A severe Bitcoin bug that has been discovered weeks ago, is now reportedly affecting other coins that are based on Bitcoin code. With pigeoncoin being one of the first to take a hit, which coin might be the next?
3 October 2018 – A serious bug that was discovered some weeks ago in Bitcoin’s code has eventually been exploited. Yet, it was put to work on a lesser-known cryptocurrency, dubbed pigeoncoin.
Attacker Prints 253M Pigeoncoins
The development team of pigeoncoin confirmed the fact of the exploit to one of the online media outlets earlier this week. The team reported an unknown attacker successfully took advantage of the bug on September 26. He showed how the bug could have been used on Bitcoin code by printing 253 million coins worth around $15,000.
The severe Bitcoin bug was patched on the network earlier, but other coins that are running on Bitcoin’s public code are still vulnerable. In case a bug is exploited, it enables an attacker to print as many coins as they want.
Pigeoncoin runs on its X16r mining algorithm and it is not a major cryptocurrency yet. However, the attack is not less impactful in terms of its efforts to utilize a Blockchain to “end abusive data collection.
Pigeoncoin features a total supply of 970 million coins. The attacker was able to print an amount equivalent to one-fourth of all publicly traded pigeoncoins. This caused the only exchange supporting pigeoncoins, CryptoBrindge, to temporarily halt trading, thus giving developers some time to fix the bug.
After the exploit of the bug was spotted, pigeoncoin developers released a software fix that is based on the code Bitcoin developers shared two weeks ago. The notes from developers explain:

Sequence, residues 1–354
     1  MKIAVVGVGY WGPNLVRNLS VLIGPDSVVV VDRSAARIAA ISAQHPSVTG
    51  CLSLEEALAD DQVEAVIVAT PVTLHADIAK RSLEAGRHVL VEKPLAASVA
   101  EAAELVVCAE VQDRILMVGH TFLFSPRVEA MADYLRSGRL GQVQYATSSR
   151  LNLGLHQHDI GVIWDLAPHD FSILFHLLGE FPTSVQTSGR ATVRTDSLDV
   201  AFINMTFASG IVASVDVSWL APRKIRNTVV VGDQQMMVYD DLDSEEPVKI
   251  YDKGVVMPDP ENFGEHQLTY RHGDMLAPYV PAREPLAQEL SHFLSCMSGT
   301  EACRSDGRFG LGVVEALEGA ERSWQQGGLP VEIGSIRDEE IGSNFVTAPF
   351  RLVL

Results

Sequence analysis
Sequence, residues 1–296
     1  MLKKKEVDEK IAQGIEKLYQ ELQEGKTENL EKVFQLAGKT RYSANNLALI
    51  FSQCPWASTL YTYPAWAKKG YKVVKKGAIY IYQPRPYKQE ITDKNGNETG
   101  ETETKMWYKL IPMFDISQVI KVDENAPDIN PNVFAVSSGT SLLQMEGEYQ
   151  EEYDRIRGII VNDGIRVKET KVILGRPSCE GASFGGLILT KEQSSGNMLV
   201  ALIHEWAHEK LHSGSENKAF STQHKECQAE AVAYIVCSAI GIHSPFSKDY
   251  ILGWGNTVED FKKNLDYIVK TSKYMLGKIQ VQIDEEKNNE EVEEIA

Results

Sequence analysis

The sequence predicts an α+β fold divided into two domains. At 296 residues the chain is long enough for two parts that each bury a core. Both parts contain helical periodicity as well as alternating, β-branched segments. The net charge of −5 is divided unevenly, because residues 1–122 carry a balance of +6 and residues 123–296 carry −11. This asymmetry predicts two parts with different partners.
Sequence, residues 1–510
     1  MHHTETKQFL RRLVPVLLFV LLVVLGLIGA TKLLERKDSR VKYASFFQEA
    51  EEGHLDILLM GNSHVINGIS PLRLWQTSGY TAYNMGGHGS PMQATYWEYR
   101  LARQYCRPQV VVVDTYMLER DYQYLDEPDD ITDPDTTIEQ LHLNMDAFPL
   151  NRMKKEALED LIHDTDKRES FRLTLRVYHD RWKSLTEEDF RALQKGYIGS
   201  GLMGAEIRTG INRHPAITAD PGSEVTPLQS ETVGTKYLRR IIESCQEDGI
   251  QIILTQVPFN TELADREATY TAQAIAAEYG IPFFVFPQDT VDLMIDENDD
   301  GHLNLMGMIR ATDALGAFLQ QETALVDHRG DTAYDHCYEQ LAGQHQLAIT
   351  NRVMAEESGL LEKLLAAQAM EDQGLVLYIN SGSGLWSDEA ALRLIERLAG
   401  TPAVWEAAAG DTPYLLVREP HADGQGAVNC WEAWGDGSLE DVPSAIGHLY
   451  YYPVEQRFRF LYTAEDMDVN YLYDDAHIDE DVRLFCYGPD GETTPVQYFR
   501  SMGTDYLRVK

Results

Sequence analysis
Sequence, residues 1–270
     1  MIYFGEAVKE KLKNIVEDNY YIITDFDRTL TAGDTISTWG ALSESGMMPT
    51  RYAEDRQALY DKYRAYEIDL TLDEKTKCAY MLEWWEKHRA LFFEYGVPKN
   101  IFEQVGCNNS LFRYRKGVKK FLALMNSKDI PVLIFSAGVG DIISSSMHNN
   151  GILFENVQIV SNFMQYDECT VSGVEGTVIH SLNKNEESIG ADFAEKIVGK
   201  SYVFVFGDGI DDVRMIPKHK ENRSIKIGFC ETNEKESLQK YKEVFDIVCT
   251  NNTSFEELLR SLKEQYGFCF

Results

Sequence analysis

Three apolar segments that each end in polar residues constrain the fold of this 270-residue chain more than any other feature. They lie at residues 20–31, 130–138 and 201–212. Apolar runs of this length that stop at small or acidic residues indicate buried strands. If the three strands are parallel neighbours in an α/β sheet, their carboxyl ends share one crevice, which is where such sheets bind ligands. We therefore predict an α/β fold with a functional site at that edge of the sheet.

“Pools and exchanges must upgrade immediately to resolve a double-spend exploit derived from bitcoin source.”
Can this bug affect other coins?
However, while users might not particularly be concerned about this unpopular coin, the bug features bigger consequences for the cryptocurrency world. One of the developers, Scott Roberts, has been quoted by one of the online reports as saying:
“Mainly it’s just nice to know for sure by this example that coins in the wild were really vulnerable. It was not just some vague theoretical problem.”
He noted that the key takeaway from this event is that the Bitcoin bug was quite severe.
Now, once the bug is fixed, market participants are curious how the attacker will use his/her coins. In order to trade these coins for fiat money, the attacker will most likely need to convert their $15,000 worth of pigeoncoins into another cryptocurrency.
Pigeoncoin developer Michael Oates has been quoted as saying:
“Many of us are now waiting to see what happens with the hacked coins and if there’s going to be a dump soon. My guess is the funds won’t move for a few days. It would be stupid to try and move them all at once.”
Another big question is that now, as pigeoncoin was attacked, can other cryptocurrencies be impacted?
Roberts believes that it will not most likely be a problem since most of the coins have already updated their codes.
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